I had several classes from Personalist professors in college. I definitely do not see it as being a key to interpreting tradition, especially insofar as it is opposed to Thomism. It is not necessarily a heresy either, as some Catholic theologians have worked out syntheses between Thomism and Personalism that "work"; I mention here the work of Dr. Michel Waldstein. However, even when Personalism "works", it does so in an inferior sort of way, and its excessive emphasis on the experience and needs of the human person as the starting point for all considerations leave its flank weak against the inroads of subjectivism. Basically, those who adopt Personalism go to a lot of trouble to get in a position that they could get to with Thomism and which would be better fortified.

Not That Guy said...

Thank you for replying.

In case you're wondering, my question was in part prompted by reading this discussion on personalism and modernity, wherein Aquinas is mentioned:

"Sorry, but I just don't buy the idea that someone [Aquinas] who died before it began—no matter how sublime his philosophy—is capable of being the ultimate guide through modernity. He can help highlight and refute its errors, but he lacks the wherewithal to comprehend its deep concerns and recognize its real achievements. He's simply missing too much human experience.", the writer states.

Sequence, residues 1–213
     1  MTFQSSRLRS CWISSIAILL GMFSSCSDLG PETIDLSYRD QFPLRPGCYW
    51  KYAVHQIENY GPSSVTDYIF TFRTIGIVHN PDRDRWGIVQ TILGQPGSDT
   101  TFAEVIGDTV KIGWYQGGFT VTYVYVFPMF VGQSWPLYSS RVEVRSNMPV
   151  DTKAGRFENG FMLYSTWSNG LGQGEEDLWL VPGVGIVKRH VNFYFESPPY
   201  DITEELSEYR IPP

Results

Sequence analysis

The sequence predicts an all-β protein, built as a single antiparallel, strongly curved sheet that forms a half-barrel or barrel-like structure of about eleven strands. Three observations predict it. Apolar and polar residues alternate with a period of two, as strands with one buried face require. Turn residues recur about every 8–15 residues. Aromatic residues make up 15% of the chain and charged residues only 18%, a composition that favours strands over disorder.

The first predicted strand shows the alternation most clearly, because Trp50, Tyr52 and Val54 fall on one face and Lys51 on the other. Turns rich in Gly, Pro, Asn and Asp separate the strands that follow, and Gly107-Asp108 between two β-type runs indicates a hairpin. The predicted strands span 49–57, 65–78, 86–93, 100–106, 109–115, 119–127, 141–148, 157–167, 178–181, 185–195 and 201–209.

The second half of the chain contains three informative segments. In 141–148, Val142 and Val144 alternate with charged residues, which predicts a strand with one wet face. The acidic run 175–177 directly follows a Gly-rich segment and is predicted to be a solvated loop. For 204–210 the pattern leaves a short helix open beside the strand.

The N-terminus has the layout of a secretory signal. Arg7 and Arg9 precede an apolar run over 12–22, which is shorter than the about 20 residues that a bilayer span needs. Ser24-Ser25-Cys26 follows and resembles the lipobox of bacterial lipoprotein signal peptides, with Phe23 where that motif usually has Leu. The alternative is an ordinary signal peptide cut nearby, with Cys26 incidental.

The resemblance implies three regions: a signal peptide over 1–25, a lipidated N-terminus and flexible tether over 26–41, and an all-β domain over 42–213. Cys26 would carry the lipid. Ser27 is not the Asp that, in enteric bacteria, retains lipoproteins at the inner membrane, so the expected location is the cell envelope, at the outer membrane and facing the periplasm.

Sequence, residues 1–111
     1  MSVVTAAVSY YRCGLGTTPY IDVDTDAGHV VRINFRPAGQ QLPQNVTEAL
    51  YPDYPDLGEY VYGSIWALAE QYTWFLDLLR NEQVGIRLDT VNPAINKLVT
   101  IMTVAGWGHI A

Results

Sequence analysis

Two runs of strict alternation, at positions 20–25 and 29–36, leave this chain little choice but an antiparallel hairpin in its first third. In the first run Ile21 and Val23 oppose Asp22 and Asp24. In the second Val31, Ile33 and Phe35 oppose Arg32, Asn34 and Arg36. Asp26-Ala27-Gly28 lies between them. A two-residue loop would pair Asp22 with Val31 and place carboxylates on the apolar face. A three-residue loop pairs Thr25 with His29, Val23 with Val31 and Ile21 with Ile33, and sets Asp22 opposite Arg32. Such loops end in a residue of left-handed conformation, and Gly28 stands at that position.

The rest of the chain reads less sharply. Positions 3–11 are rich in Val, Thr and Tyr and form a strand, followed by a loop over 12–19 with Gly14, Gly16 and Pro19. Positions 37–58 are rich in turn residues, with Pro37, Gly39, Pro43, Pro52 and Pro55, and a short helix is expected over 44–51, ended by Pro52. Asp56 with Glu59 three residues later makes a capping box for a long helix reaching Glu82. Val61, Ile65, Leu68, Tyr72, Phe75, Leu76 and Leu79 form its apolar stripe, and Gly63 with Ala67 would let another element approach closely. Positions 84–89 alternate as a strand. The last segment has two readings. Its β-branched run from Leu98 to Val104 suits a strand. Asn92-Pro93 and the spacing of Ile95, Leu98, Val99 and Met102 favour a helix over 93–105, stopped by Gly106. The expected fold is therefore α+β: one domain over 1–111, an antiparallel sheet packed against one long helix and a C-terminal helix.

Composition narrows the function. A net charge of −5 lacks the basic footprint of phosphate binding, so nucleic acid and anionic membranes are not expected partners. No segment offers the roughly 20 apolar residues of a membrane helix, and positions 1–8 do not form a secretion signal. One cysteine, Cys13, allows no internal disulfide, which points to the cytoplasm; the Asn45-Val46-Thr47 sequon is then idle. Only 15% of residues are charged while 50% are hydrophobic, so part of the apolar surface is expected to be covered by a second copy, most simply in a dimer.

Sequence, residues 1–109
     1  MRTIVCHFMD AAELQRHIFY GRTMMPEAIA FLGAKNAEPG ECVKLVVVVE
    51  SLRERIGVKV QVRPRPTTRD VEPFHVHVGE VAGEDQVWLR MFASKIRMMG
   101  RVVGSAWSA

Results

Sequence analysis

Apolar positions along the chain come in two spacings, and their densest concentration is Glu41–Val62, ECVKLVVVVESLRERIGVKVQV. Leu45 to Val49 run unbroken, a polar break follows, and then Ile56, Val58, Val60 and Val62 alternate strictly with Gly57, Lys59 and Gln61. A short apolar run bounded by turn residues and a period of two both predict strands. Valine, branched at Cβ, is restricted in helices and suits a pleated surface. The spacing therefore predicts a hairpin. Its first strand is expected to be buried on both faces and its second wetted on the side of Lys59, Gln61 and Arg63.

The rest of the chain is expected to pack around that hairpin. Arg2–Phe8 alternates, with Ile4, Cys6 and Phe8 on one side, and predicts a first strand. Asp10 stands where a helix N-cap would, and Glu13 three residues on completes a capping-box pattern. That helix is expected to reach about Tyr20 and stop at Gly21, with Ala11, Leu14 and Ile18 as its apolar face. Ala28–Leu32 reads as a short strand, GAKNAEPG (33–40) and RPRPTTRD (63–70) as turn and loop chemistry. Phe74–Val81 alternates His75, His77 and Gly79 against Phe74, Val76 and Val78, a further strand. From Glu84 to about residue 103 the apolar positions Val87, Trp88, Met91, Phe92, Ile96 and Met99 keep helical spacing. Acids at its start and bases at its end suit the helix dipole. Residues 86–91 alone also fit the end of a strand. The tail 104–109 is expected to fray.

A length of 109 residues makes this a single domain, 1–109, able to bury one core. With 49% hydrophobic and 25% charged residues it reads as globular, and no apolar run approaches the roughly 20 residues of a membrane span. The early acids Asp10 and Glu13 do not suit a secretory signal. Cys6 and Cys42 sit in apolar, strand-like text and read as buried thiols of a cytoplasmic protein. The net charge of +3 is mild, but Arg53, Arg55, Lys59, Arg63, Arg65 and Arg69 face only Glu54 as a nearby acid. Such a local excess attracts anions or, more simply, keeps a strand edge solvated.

It gave me pause.

Boniface said...

That's funny. I know the authors of that blog; their children are my students.

Thomism definitely takes into account all of human experience, but maybe not in the terms personalists like or are comfortable with, because he does not make human experience the foundation of truth.

It is also noteworthy that the popes do not agree that Thomas is not valuable in addressing the concerns of modern man. Pius XI wrote of St Thomas:

“His teaching with regard to the power or value of the human mind is irrefragable: ‘The human mind has a natural knowledge of being and the things which are in themselves part of being as such, and this knowledge is the foundation of our knowledge of first principles’ (Contra Gentiles, II, lxxxiii). Such a doctrine goes to the root of the errors and opinions of those modern philosophers who maintain that it is not being itself which is perceived in the act of intellection, but some modification of the percipient; the logical consequence of such errors is agnosticism, which was so vigorously condemned in the Encyclical Pascendi” (Studiorem Ducem,15).

Not That Guy said...

That connection is interesting.

I think the authors of that blog would respond to your quoting Pius XI that the Church has grown in her understanding of truth and how we know what we know; that while Thomism was sufficient for a time, that is no longer so. They would see the adoption of personalism by, say, St. JPII as a great development.